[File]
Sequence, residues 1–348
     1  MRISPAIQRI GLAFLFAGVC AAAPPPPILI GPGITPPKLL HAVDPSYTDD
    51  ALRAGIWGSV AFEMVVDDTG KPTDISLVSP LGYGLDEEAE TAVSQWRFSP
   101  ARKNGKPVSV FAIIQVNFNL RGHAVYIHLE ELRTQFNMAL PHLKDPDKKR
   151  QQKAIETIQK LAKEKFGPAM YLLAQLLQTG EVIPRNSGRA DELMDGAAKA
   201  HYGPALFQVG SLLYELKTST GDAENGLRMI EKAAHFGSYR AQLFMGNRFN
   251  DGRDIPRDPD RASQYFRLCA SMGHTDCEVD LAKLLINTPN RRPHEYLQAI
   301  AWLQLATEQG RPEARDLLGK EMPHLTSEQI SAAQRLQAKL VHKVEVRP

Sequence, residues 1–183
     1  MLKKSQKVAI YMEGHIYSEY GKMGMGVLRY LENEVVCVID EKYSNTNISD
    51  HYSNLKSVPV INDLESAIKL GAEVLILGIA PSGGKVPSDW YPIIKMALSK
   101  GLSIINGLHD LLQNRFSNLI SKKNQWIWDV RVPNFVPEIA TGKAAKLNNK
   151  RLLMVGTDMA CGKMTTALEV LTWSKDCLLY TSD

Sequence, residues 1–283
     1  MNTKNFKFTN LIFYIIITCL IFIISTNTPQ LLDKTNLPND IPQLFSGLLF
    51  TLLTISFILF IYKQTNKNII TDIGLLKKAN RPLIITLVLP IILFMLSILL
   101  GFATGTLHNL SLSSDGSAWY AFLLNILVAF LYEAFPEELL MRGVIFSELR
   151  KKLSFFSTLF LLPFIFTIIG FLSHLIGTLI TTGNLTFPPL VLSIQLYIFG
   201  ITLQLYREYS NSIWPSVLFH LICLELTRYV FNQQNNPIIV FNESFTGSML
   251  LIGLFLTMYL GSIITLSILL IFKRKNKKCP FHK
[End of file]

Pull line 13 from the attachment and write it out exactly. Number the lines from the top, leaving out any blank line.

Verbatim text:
   151  RLLMVGTDMA CGKMTTALEV LTWSKDCLLY TSD